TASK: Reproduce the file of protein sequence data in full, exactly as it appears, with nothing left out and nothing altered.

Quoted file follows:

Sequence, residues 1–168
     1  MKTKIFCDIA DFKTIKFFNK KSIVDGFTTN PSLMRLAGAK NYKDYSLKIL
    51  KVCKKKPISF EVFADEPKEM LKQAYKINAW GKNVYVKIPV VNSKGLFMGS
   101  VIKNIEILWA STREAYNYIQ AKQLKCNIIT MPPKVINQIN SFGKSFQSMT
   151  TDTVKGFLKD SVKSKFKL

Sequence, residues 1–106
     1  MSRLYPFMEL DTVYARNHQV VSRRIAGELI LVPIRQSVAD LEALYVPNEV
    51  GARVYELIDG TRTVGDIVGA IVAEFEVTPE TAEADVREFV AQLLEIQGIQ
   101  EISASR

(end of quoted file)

Sequence, residues 1–168
     1  MKTKIFCDIA DFKTIKFFNK KSIVDGFTTN PSLMRLAGAK NYKDYSLKIL
    51  KVCKKKPISF EVFADEPKEM LKQAYKINAW GKNVYVKIPV VNSKGLFMGS
   101  VIKNIEILWA STREAYNYIQ AKQLKCNIIT MPPKVINQIN SFGKSFQSMT
   151  TDTVKGFLKD SVKSKFKL

Sequence, residues 1–106
     1  MSRLYPFMEL DTVYARNHQV VSRRIAGELI LVPIRQSVAD LEALYVPNEV
    51  GARVYELIDG TRTVGDIVGA IVAEFEVTPE TAEADVREFV AQLLEIQGIQ
   101  EISASR